The College of Liberal Arts Mentor Program allows students the opportunity to gain real-world perspectives from professionals in various careers and industries. To learn more, go to the Career & Community Learning Center's Mentor Program.
"As the holiday season approaches and the Twin Cities strings up its lights," notes Professor and Chair Ellen Messer-Davidow, "English has plenty of dazzle to contribute to the festivities." For news about faculty, student, and alumnae/i accomplishments and awards, check out the winter 2011 alumni magazine, English@Minnesota. Professors Nabil Matar, Maria Damon, and Peter Campion are featured, along with lots more!12/08/11
Monica Nassif (BA 1982) was named 2011 University of Minnesota Entrepreneur of the Year at a McNamara Alumni Center reception September 8. Nassif is the founder of Caldrea, a luxury cleaning products line, and its offshoot the Mrs. Meyers' Clean Day brand. Her success, she says in an interview, grew out of an internship with Dayton-Hudson which her English adviser helped her acquire. After almost two decades as a brand-builder for prominent retailers and consumer product firms, she started a marketing communications business in Minneapolis, then initiated Caldrea in 1999.09/14/11
The summer issue of the University of Minnesota Alumni Association magazine Minnesota features four English alumnae. Kathleen Glasgow (MFA 2002), coordinator of the Creative Writing Program, won first place in the magazine's 12th annual fiction contest with her story "Leaving"; judge Ian Graham Leask (BA 1980, MA 1986) compared the story to "a tune in your head that won't go away." Six pages later, the three editors of the up-and-coming literary arts magazine Paper Darts are interviewed: Jamie Millard, Regan Smith, and Meghan Suszynski (all BA 2009) relate how their colorful glossy started out on home printers and a Singer sewing machine.06/14/11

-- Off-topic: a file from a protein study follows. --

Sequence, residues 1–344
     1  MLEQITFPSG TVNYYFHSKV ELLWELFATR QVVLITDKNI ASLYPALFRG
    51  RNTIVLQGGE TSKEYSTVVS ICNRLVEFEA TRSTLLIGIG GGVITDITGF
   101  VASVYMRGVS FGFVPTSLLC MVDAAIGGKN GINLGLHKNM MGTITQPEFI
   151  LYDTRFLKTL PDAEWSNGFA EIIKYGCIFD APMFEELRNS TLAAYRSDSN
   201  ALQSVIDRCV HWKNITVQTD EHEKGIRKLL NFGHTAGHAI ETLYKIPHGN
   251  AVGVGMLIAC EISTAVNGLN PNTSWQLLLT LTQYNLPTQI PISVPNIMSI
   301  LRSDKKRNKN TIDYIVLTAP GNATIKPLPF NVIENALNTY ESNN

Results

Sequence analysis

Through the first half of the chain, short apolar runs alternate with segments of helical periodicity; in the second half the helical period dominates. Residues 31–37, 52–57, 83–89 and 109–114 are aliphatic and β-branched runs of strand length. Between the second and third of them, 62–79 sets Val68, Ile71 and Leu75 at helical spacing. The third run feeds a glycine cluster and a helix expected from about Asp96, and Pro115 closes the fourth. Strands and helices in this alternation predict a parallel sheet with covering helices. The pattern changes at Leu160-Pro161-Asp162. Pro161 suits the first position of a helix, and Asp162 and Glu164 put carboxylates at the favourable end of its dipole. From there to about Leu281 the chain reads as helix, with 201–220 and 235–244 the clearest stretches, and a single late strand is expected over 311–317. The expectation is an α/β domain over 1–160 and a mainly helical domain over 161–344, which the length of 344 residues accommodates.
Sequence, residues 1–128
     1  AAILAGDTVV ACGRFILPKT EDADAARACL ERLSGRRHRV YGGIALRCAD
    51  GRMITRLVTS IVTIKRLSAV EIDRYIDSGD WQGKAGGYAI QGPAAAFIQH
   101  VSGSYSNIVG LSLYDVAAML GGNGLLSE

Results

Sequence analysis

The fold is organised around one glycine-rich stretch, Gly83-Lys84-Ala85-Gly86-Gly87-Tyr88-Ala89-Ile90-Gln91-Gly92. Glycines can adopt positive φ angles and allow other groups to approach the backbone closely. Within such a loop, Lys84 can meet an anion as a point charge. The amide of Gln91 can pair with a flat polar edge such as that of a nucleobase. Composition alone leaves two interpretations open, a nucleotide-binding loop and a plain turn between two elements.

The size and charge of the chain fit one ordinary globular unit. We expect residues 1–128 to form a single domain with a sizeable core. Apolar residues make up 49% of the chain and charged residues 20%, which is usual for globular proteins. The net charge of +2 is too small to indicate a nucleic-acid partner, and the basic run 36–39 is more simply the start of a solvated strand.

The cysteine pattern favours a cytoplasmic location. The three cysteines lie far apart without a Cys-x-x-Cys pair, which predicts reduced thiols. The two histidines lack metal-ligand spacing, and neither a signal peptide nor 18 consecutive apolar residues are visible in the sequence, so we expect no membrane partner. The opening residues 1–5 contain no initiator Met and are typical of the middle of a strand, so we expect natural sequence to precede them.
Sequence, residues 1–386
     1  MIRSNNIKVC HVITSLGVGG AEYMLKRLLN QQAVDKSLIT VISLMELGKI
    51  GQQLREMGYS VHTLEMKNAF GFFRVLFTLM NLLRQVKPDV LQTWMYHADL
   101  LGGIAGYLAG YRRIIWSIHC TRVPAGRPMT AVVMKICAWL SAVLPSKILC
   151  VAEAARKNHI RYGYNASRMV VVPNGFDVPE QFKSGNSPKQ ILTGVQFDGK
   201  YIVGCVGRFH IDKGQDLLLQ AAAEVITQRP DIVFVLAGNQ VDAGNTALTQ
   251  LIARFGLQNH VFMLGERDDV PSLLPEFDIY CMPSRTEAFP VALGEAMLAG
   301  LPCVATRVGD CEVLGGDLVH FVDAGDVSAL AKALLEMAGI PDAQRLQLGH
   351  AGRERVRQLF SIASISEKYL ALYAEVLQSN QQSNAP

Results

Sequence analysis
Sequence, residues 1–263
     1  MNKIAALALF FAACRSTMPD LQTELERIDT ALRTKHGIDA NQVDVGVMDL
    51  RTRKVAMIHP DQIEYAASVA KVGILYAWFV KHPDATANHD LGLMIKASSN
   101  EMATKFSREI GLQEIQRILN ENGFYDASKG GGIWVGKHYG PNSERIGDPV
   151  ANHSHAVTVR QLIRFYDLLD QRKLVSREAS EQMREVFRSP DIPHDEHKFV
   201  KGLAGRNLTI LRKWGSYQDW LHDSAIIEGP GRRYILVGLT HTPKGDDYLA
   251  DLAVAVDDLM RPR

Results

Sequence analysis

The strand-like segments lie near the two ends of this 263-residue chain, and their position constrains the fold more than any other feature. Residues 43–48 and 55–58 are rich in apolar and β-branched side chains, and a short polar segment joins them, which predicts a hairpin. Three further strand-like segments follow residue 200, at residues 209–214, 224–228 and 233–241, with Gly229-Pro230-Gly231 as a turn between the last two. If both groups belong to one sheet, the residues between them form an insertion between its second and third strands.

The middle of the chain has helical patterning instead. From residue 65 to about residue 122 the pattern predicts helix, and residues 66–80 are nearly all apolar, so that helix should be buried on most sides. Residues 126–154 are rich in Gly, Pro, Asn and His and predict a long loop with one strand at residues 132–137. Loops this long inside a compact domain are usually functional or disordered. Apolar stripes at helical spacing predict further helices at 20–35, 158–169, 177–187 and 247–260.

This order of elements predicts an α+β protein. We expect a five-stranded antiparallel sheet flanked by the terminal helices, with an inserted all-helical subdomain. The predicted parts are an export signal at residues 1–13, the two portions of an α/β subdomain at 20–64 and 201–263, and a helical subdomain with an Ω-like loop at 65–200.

BA alumnus Sam Kean's The Disappearing Spoon: And Other True Tales of Madness, Love, and the History of the Periodic Table of the Elements, just released in paperback, was publishing's sleeper hit of 2010: a science history that surprised its author as much as anyone by making the New York Times Bestseller List, primarily via word of mouth. But South Dakota native Kean, a 2002 summa cum laude double major in English and Physics, has fashioned a ridiculously readable collection of anecdotes about the elements, from hydrogen to ununbium. "I really think that the human mind works best through stories," notes Kean in an interview. More. . .06/07/11